Mes Frères

I have two brothers. Two older brothers.

Much older brothers, as I like to remind them.

See, I showed up a little late to the party. Guess I wasn’t part of the original family plan. Surprise!

So, my brothers and I didn’t have a lot of time together when I was little; they were practically grown already. I remember going to my oldest brother’s wedding when I was six. By the time they gave me three nieces and a nephew, I was twelve.

My brothers were my mentors when I was little, teaching me important things. Like curse words. Which I then repeated one day to Mom and her guest. Or so I was told.

Father was so proud. 😡

When they left home, they left behind some things for me. Like a small metal box packed full of their old 45’s. (Google it, kids.) Classic songs like “At the Hop”, “Jailhouse Rock” and “The Lion Sleeps Tonight.” I still have ’em, in that same metal box, but I can’t listen to them; I ain’t got no record player anymore!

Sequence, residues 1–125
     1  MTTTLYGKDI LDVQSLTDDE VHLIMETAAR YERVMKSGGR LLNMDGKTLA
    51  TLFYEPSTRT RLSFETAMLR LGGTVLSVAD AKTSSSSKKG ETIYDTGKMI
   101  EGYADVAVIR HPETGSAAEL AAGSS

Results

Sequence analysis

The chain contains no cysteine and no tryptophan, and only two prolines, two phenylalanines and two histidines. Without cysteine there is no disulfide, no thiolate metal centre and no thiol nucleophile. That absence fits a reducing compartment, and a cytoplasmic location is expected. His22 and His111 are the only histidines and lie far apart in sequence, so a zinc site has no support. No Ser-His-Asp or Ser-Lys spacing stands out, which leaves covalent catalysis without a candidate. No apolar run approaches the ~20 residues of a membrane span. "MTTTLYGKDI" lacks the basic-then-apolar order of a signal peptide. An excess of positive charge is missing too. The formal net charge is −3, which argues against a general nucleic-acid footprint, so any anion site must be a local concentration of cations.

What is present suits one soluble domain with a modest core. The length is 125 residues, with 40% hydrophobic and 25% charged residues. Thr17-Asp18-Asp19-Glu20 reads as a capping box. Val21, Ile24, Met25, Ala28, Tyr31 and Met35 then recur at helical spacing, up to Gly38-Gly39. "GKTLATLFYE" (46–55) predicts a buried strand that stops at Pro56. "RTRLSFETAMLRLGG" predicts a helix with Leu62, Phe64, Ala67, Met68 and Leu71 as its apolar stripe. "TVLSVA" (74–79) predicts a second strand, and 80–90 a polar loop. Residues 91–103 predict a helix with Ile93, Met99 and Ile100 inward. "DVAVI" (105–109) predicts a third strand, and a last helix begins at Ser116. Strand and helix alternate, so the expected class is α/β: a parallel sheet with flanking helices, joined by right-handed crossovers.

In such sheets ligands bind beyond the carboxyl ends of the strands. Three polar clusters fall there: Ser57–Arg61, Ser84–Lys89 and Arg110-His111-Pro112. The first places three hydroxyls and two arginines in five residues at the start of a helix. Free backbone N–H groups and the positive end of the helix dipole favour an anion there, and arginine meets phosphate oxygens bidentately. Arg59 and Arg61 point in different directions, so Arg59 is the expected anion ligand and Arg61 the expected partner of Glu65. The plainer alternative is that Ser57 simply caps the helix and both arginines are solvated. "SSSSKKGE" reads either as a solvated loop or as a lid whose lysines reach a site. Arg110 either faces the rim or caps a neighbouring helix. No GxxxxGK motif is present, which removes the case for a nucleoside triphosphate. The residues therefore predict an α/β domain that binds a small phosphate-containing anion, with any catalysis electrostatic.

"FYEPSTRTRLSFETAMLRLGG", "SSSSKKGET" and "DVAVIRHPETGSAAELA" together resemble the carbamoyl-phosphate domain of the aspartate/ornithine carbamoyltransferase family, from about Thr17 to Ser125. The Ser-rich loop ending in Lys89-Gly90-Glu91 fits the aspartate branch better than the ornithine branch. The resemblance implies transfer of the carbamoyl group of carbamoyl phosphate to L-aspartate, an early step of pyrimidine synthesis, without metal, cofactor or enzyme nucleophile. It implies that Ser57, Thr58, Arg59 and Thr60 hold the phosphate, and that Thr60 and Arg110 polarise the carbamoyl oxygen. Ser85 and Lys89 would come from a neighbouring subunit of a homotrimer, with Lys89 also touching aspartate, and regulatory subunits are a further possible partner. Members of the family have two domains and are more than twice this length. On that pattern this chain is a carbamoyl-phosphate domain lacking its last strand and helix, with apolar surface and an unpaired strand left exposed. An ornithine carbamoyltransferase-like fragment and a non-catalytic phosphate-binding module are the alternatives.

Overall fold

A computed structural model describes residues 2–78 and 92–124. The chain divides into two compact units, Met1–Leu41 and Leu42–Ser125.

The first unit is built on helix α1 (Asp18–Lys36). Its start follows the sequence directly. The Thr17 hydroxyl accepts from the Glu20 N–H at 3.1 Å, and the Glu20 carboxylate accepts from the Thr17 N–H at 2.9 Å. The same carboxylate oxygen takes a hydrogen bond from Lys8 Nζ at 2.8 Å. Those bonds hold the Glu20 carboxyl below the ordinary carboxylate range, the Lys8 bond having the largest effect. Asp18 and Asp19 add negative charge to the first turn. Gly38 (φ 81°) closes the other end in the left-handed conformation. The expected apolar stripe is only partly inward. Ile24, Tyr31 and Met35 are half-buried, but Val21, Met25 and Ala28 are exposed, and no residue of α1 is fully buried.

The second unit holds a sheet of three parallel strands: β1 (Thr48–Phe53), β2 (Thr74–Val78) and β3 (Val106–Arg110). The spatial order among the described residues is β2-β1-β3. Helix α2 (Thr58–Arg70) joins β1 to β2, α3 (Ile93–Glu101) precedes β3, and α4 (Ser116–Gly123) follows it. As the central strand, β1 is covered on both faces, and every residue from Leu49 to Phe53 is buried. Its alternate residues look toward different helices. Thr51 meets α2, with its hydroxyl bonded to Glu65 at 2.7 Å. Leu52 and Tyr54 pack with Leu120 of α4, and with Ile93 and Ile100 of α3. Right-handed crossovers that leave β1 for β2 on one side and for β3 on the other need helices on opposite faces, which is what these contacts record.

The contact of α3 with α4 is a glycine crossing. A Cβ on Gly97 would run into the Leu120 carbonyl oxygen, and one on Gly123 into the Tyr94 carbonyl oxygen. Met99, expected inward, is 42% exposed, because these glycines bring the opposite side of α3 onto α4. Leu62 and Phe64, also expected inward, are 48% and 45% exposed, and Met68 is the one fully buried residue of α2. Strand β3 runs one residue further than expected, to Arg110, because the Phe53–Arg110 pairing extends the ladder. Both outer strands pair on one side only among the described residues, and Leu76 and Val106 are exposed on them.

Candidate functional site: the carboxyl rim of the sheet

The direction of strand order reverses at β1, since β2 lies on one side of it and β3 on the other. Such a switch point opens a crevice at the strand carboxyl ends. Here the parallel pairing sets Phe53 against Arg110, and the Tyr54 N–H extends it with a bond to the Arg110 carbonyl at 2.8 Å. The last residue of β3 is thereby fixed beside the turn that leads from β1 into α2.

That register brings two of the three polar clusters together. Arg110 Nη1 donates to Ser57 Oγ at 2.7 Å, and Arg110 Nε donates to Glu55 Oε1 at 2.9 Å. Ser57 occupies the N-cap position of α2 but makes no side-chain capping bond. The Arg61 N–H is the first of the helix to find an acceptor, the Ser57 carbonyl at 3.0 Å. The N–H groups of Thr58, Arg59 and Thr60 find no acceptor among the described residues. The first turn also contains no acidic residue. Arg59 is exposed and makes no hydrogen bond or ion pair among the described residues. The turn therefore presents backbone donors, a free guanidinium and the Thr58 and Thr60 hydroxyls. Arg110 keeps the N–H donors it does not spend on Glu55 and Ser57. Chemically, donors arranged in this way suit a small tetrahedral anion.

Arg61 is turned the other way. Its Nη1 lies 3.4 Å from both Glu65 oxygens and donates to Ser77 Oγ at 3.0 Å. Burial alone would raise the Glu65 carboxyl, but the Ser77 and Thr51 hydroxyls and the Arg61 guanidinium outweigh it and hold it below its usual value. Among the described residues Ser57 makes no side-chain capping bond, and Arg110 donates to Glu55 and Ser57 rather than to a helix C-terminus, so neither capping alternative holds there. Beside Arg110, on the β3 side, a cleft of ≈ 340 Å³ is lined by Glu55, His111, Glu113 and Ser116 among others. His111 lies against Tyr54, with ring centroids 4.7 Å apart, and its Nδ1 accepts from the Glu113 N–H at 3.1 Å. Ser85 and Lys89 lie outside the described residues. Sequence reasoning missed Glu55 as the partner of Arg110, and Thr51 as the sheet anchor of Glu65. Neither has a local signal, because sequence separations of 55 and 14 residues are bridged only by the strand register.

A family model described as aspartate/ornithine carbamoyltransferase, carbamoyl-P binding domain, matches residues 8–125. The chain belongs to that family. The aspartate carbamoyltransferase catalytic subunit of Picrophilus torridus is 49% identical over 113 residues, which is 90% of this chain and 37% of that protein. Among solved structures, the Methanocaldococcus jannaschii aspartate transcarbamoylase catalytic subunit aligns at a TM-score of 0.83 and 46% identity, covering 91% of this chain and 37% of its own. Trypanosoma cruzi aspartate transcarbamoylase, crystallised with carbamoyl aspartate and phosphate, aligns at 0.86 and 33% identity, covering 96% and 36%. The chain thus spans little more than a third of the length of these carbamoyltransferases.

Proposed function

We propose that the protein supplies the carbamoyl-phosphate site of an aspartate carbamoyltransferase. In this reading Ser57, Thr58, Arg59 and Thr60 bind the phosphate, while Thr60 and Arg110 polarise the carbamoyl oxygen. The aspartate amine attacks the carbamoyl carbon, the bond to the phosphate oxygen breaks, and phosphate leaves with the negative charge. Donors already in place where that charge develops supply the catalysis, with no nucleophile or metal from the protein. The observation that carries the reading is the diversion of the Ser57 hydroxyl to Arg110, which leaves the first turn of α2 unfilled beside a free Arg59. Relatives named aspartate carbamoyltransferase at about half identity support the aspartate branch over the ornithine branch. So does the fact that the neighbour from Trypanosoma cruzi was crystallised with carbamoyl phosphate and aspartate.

They also left me some comedy albums, by guys like Bill Cosby, Shelley Berman, Dick Gregory and Brother Dave Gardner. I memorized all their routines, and recited them to anyone who’d listen. (And a few who wouldn’t.) I’ve always loved an audience. My friends and relatives know this.

When my next oldest brother went away to college, he would often write to Mom and Dad at home, and at the end of every letter was a personal note to me. I always looked forward to those.

When I was a teenage piano player, he suggested I check out an artist named Elton John. Boy, did that have an impact! EJ has remained my man all these years. Thanks, bro.

Both my brothers made me laugh a lot when I was a kid. (Still do, in fact.) In my teenage years, I tried to make them laugh, too. I guess it was a way to make them think I was cool enough to hang with them. I didn’t want to be their kid brother; I wanted to be their peer. You know teenagers, they always wanna be grownups.

My next oldest brother has an artistic streak, like me. He wrote poetry, screenplays, a novel. He acted in community theaters. I used to play piano, and even wrote a few songs. I thought we were kindred spirits.